The other week, courtesy of Infocast and its Transmission Summit 2002, held in Washington, D.C. in late January, I got to see, hear, and ask questions of three emerging stars of the merchant...
Congress pours tax benefits into efficiency and renewables.
When Congress enacted the Emergency Economic Stabilization Act—popularly known as the bailout bill—in early October, lawmakers included more than 300 pages of provisions that were completely unrelated to mortgages, banks or Wall Street. Many of these provisions represent classic pork-barrel politics— i.e., tax incentives for mine-rescue team training; tax exemptions for certain wooden arrows made for children; and a rebate of federal taxes collected on rum from Puerto Rico and the U.S. Virgin Islands.
Of course, the difference between good policy and bad pork depends on one’s perspective. Coal miners undoubtedly will appreciate having well-trained rescue crews. Wooden arrow makers everywhere are rejoicing over their reduced tax burden. And I personally raise my glass to Congress for keeping the Bacardi flowing.
Not surprisingly, the bailout bill also included many titles of interest to energy companies, and almost all of them create incentives to invest in green energy alternatives. While they might represent political pork for sellers of wind turbines, solar panels and conservation-related products and services, they also reflect America’s increasing focus on efficiency and sustainability in energy policies.
A Round on the House
Of the many provisions in the bailout bill, few of them actually establish new federal policy. Instead, most just continue existing provisions that already were set to expire, and probably would have been enacted in some form—if not this session, then next session. The rum tax provision is one example; it’s been around for decades, and Congress routinely extends it as part of the islands’ special status.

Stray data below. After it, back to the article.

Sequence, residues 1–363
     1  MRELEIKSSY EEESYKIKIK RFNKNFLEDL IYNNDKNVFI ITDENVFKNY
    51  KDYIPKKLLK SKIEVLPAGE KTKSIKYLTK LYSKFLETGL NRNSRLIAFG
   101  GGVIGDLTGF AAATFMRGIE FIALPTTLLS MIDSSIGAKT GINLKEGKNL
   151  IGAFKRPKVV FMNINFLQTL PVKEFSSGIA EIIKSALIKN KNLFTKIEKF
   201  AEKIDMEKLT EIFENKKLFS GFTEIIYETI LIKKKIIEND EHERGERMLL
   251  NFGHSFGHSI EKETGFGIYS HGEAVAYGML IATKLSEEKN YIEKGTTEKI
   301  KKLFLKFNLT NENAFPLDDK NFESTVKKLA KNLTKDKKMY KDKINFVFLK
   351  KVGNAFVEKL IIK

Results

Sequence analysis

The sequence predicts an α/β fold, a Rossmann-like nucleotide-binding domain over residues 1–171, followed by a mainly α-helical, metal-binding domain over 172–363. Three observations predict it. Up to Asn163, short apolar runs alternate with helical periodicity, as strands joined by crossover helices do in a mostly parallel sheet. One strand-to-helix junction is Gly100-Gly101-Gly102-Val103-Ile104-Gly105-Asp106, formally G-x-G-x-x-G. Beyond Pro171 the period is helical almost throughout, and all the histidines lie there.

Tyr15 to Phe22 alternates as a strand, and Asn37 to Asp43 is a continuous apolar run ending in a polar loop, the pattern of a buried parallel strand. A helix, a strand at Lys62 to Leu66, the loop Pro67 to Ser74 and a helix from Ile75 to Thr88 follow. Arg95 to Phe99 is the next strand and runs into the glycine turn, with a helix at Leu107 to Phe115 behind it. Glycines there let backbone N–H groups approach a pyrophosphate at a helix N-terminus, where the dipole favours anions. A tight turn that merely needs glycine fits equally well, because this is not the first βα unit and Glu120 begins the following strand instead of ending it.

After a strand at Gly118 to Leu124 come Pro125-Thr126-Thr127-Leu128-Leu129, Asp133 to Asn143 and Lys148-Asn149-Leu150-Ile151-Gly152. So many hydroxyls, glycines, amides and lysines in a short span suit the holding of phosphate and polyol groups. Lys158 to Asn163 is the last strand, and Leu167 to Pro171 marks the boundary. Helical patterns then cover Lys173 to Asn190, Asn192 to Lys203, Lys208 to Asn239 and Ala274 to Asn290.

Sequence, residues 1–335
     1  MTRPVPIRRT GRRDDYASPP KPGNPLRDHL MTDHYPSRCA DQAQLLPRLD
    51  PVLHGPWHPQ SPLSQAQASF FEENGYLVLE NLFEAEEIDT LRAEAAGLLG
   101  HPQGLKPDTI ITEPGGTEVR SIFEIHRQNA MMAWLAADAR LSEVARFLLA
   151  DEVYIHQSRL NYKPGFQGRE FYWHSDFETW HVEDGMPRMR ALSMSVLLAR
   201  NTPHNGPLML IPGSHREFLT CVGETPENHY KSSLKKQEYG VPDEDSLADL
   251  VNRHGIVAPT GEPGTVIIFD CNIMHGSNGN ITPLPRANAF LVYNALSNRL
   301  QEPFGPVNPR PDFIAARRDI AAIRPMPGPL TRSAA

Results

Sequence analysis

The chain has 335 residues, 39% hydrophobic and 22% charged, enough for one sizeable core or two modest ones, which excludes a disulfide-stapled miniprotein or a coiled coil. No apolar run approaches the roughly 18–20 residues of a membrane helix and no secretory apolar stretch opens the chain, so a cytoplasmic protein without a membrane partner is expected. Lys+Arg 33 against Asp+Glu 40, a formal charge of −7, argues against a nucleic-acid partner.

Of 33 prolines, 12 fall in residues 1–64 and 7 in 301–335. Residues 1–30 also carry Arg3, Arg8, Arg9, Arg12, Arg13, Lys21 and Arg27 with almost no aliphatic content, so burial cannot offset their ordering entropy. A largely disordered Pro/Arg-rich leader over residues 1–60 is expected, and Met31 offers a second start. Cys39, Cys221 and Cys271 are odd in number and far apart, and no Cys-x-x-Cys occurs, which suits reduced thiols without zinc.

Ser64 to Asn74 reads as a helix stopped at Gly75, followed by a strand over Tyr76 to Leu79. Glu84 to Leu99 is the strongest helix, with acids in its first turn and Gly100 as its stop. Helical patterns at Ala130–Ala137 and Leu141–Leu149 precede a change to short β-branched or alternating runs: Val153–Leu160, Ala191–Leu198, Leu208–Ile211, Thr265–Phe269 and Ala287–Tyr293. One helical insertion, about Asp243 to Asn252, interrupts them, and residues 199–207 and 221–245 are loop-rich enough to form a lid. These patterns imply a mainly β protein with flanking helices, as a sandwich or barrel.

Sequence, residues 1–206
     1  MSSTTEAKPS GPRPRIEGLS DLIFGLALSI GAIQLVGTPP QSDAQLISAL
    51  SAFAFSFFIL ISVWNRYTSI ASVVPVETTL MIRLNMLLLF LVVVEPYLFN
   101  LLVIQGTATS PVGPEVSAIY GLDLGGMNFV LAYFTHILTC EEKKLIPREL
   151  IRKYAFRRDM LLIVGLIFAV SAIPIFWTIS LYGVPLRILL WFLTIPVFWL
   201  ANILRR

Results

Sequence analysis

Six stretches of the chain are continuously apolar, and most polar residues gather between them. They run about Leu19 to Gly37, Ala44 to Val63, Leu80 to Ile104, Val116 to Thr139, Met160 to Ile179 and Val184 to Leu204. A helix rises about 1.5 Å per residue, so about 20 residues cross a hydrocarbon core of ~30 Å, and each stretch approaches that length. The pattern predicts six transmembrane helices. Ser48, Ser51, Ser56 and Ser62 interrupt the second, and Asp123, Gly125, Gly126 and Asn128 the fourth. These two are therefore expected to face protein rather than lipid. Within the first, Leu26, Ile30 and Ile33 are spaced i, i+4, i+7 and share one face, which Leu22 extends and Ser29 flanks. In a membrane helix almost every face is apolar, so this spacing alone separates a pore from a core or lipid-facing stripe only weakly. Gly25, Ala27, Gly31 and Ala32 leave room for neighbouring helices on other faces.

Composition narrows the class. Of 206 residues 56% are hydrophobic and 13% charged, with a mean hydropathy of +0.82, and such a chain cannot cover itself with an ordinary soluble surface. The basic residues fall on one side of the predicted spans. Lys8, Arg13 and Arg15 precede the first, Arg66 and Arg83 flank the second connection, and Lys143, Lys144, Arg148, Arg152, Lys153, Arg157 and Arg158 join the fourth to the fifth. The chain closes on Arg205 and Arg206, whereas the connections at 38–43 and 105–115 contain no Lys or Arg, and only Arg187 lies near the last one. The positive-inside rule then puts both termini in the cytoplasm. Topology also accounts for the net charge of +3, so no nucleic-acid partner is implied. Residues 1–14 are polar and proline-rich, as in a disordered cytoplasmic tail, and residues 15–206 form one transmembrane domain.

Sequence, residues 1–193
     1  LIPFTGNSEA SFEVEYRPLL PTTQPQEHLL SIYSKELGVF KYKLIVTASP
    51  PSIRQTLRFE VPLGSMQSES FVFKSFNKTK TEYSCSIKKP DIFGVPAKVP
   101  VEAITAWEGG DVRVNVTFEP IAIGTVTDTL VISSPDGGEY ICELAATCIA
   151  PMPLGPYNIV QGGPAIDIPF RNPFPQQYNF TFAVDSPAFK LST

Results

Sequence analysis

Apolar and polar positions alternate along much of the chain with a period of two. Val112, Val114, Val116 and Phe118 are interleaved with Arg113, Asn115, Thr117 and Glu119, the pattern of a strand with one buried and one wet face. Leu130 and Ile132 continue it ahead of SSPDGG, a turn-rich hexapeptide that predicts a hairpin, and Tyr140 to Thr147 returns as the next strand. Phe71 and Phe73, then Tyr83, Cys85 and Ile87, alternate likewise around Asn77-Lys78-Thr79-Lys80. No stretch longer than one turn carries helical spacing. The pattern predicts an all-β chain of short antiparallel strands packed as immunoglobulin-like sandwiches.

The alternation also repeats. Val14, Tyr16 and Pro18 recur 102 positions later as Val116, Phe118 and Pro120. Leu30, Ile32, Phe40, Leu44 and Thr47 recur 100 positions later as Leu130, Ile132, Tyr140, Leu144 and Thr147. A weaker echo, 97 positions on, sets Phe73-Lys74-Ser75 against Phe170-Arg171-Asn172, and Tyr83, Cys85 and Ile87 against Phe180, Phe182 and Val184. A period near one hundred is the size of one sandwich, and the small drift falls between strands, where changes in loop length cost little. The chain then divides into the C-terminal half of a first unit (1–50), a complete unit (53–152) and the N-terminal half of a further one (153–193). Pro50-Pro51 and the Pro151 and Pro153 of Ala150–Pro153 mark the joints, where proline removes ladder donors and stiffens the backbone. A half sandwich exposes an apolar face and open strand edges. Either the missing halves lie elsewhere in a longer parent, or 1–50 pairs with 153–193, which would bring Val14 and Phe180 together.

Another example is the federal renewable energy production tax credit. Congress extended, through the end of 2009, the wind energy production credit that was scheduled to expire at the end of this year. Also it extended tax credits through 2010 for other types of renewable power production—for the first time including wave-power projects in the definition of “renewable.” The law also extends investment tax credits for solar energy, fuel cell and microturbine equipment through 2016; and expands and extends credits for carbon-sequestering coal-gasification projects.
Such extensions and expansions didn’t change U.S. policy in any significant way. Rather they provided political cover for legislators who were campaigning for re-election. For example, in an October 14 debate with Democratic challenger Al Franken, Sen. Norm Coleman (R-Minn.) asserted that his vote for the bailout bill helped ensure renewable production tax credits wouldn’t expire. “That was the only shot to get it done,” Coleman said. “Mr. Franken said he would’ve voted against a bill that contained those credits.”
But in addition to such politically convenient, status-quo tax provisions, Congress did stake out some new policy territory in the energy titles of the bailout bill.
For example, it makes utility companies eligible for investment tax credits—eliminating a barrier to direct utility ownership of solar, fuel cell and microturbine projects. This could turn out to be a big deal for solar in particular, as utilities now will consider solar electric projects to